New Pancreatic Cancer Drug Shows Promise in Clinical Trial

A new drug designed to treat pancreatic cancer has recently shown promise in clinical research, as per researchers from the University of Michigan Rogel Cancer Center. This phase 1 clinical trial tested the efficacy of AZD1775, an inhibitor of the Wee1 enzyme. This enzyme plays a key role in repairing damaged DNA. A study summarizing these findings was recently published in the Journal of Clinical Oncology.

This research team’s work builds on a strong foundation of University of Michigan research focused on enhancing pancreatic cancer treatment. For nearly 20 years, researchers at the school have been conducting research to help these patients whose cancers are too advanced to be remedied by surgery.

Standard pancreatic cancer treatment involves the damaging of DNA through radiation and gemcitabine, a chemotherapy drug. Cancer in the pancreas often repairs this induced damage through several acquired mechanisms, allowing the malignancy to persist through such treatments. Led by Meredith Morgan, Ph.D., this Rogel Cancer Center research team found that AZD1775 counteracts this cancer adaptation while leaving the normal, healthy cells perfectly intact.

“If we can disable the DNA damage response in pancreatic cancer cells, it might eliminate treatment resistance and sensitize the cancer to the effects of both radiation and chemotherapy,” explained lead author Kyle Cuneo, M.D., associate professor of radiation oncology at Michigan Medicine.

Morgan and colleagues enrolled 34 participants in the trial, each with locally advanced pancreatic cancer. In addition to the traditional radiation and gemcitabine chemotherapy treatments, these patients also received AZD1775 to test how the drug could supplement existing therapies. The team found that this combination of drugs and radiation resulted in improved patient survival rates.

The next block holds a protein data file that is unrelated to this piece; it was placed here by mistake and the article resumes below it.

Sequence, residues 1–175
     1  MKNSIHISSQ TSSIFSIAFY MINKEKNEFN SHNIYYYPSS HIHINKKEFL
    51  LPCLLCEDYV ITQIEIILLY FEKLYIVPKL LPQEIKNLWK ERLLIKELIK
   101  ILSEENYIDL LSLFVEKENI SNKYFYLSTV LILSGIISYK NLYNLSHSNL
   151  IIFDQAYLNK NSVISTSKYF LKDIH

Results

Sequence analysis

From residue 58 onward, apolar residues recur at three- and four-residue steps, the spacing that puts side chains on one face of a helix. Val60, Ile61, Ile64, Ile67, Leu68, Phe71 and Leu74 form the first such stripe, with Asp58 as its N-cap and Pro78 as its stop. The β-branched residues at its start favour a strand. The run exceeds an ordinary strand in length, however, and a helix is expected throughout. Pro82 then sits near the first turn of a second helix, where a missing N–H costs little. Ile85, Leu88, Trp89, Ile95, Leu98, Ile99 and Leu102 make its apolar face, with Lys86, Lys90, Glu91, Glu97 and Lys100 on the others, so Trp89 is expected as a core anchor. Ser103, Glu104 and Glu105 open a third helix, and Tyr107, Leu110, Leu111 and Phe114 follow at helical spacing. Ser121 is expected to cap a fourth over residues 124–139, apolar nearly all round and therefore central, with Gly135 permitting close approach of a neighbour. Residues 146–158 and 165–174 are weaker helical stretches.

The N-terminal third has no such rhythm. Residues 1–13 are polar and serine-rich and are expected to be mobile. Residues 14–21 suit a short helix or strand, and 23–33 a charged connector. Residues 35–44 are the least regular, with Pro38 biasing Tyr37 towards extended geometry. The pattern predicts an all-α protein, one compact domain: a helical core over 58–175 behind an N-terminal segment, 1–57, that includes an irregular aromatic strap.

Pancreatic cancer is notorious for its ability to metastasize, or spread throughout the body. Metastases stemming from pancreatic cancer are part of the reason that this disease has an overall five-year survival rate of just 9%.

“If we’re ever going to cure pancreatic cancer, we’re going to need effective systemic treatment as well as local therapy,” claimed study author Ted Lawrence, M.D., Ph.D., Isadore Lampe Professor and chair of radiation oncology at Michigan Medicine. “Our data suggests that AZD1775 can do both.”

The median length of survival in this clinical trial’s participants was 22 months, with the disease showing no progression for a median of nine months. Previous research regarding the use of gemcitabine alone in patients yielded overall survival of only 12-14 months.

“Adding AZD1775 to radiation and gemcitabine was relatively well tolerated with encouraging survival results. Further studies with this promising combination are needed,” Cuneo concluded.

AZD1775 is currently being investigated for use in other cancer types as well, such as ovarian and breast cancers. This drug is not yet approved by the FDA, but the researchers are working to conduct a follow up phase 2 clinical trial to further solidify their data.